Whomever made it, it was a thumbs down for me for the purpose of waist training!
Then I learned the delicious joy of what a well made corset feels like. Over the period of a week or two, I found myself wanting to wear it more and more — until I never wanted to take it off!
And a new era of my life begun. I went from wearing a size 26″ corset to a size 18″ in about a year. I’ve since chilled out on it a bit, but before I relaxed my practice, I made sure to take some pics first.
Allow me to emphasize: body transformation does NOT happen overnight! Patience is your best friend when it comes to body mods.
The advice given by the “medical professional” has some merit, which I will address. While I am not a medical professional by any means, I am a seasoned corset wearer, which I doubt this “medical professional” has any experience or expertise in.
Feel free to consult your doctor when beginning waist training, however, it’s likely that inquiries will be met with judgement as many doctors won’t comment on things they know nothing about. For example, a doctor once told me not to drink Kombucha tea, because they didn’t know what Kombucha was. However, hormones and addictive Rx drugs? Sure those are totally safe except for <laundry list of harmful side effects>. Ummm, yeah. I’m fine with my tea, thanks.
Anecdotal evidence aside, here are a few things the “expert” in the video addressed that I’d like to comment on:
- “One should only wear the compression garment for an hour or two a day.” What was left out of this sentence were the words: “In the BEGINNING.” As your body adjusts to the feeling, and it’s comfortable for the wearer, they can increase wear without damage incurred. It’s paramount, however, to be in tune with your body and listen when something doesn’t feel right. Feel free to refer to my posts: 10 Waist Training Tips and the FAQ for advice on how to get started.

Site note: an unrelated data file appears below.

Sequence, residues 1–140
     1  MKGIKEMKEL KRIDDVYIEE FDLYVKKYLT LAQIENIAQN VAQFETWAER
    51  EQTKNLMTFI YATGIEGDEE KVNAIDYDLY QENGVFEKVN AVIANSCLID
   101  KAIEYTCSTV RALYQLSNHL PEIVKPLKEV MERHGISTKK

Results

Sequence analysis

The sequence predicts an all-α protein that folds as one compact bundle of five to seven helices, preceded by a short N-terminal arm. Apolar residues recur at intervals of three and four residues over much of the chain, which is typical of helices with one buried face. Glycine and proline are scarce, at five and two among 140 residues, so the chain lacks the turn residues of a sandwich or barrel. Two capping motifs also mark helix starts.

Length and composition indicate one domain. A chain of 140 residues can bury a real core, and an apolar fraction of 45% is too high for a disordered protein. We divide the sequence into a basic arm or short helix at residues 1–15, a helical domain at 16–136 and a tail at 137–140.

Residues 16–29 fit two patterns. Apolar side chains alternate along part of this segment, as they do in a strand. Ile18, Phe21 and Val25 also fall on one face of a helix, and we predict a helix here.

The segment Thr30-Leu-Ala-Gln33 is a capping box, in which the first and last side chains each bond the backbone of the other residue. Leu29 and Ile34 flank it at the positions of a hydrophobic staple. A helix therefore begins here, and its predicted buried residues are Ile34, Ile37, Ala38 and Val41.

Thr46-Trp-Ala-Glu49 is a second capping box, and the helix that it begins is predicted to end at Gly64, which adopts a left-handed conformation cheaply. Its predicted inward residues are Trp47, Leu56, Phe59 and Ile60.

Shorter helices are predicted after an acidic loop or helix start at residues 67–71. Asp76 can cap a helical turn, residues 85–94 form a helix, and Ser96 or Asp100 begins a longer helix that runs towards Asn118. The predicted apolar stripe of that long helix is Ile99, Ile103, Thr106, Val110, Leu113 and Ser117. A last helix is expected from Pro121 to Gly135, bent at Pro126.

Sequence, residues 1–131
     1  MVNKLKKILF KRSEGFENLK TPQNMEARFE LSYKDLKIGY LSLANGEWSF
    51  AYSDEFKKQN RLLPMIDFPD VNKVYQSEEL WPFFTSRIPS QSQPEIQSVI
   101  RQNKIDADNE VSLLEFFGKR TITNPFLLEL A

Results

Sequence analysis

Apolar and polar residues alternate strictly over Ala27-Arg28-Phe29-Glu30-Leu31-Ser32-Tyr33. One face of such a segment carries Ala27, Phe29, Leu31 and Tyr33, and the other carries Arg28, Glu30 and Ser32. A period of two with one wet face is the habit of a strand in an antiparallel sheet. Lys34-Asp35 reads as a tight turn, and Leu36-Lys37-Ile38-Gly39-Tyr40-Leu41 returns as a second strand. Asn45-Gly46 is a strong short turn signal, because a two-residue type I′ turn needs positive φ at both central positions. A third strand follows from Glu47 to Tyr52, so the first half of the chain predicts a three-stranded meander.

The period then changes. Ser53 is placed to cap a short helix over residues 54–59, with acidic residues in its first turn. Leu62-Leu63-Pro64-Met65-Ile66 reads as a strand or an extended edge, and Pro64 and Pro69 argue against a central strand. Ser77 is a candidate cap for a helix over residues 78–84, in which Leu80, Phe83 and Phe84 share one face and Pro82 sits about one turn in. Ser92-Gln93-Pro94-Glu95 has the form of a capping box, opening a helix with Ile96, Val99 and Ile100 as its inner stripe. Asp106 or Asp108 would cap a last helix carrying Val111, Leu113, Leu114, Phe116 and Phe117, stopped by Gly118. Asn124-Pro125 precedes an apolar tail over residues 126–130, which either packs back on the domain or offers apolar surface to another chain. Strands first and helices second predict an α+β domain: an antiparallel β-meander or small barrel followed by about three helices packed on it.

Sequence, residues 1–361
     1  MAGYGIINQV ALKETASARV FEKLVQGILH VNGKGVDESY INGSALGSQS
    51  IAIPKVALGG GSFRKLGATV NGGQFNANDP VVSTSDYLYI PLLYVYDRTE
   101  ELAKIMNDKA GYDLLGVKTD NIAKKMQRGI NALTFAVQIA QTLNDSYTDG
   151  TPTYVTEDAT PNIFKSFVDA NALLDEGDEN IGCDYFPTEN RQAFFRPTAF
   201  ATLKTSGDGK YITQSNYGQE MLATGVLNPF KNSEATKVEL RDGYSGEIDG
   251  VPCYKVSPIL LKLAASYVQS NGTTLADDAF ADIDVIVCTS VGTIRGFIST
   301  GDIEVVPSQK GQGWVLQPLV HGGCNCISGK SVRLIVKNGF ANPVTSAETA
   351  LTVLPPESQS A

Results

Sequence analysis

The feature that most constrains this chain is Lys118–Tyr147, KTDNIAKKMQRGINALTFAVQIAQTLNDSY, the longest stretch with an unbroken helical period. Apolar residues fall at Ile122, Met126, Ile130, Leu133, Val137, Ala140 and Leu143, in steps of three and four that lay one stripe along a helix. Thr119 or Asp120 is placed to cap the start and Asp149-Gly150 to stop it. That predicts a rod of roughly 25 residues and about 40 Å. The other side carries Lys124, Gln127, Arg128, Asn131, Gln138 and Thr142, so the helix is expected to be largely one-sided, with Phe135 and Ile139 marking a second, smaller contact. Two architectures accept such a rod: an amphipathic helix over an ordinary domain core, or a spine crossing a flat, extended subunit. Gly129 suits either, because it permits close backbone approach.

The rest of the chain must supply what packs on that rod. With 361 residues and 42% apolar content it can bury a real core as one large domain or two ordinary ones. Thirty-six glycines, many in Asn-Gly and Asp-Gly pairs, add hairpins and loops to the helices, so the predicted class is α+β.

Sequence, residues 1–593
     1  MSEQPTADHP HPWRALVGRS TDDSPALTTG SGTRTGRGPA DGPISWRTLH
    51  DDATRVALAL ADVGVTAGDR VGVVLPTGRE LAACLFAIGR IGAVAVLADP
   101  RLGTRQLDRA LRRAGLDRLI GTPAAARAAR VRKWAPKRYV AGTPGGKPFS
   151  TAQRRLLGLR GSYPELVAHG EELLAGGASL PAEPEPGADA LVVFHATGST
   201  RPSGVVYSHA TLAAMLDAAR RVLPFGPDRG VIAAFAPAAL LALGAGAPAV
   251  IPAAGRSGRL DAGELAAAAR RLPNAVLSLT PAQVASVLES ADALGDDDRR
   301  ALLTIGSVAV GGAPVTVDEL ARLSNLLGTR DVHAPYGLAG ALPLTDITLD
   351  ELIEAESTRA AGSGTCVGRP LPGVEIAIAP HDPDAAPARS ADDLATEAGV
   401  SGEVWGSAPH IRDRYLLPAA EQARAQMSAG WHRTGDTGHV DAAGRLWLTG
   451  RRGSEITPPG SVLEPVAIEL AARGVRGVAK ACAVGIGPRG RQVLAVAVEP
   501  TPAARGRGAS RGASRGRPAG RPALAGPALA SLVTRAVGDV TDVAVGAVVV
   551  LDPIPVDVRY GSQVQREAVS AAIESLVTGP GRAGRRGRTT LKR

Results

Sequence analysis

- “if it’s too tight, it could put pressure on your intestines.” So… women shouldn’t give child birth either? Because a fetus definitely does that. In fact, our bodies have evolved to accommodate a changing waistline and migrating intestines for the very reason of pregnancy. Slowly adapting the body to a corset is not entirely dissimilar.
- “It’s definitely not going to alter the look of your waist, nor will it help you shed pounds.” FALSE and FALSE. Body modification through corsetry is no magic bullet, but it does have some magical side effects. Results do vary from person to person.
- “Definitely don’t wear your corset while exercising.” This, I agree with. As I’ve written about before, even though waist training can lend a figure that appears as if you’ve been hitting the gym, it is important to actually work out, unrestrained. Your core muscles run the risk of atrophy otherwise, and no one wants that.
- “Definitely don’t wear your corset while eating.” Wut?
Dude, you gotta eat. I’ve shoved entire meatball subs in there. I’ve made friends with the butchers. And yes, I drank carbonated things everyday. Once I did eat so much ice cream I had to loosen my corset, but seriously people, Smitten makes some some delicious ice cream. It’s almost too good. Like, that’s fucked up, why would you do this to me, Smitten?!?!
A majority of the women in the Buzzfeed experiment complained that putting it on was difficult. I can imagine, with all those hooks and eyes! Believe me, learning to lace up a corset is no big deal. Let me help, with my popular instructional video on the ins and outs of lacing yourself into a corset.
One thing I will give credit to Kim K for is the idea. Wearing a corset or a compression garment after pregnancy is in some cases very helpful for a distended belly to stitch itself back more firmly to core muscles and skin. I can definitely see where she’s going with this. Just, don’t let all this nonsense surrounding it discourage you from actually waist training if that what you’d like to do.
Finally, it takes longer than a week to see meaningful results. (Duh, Buzzfeed.)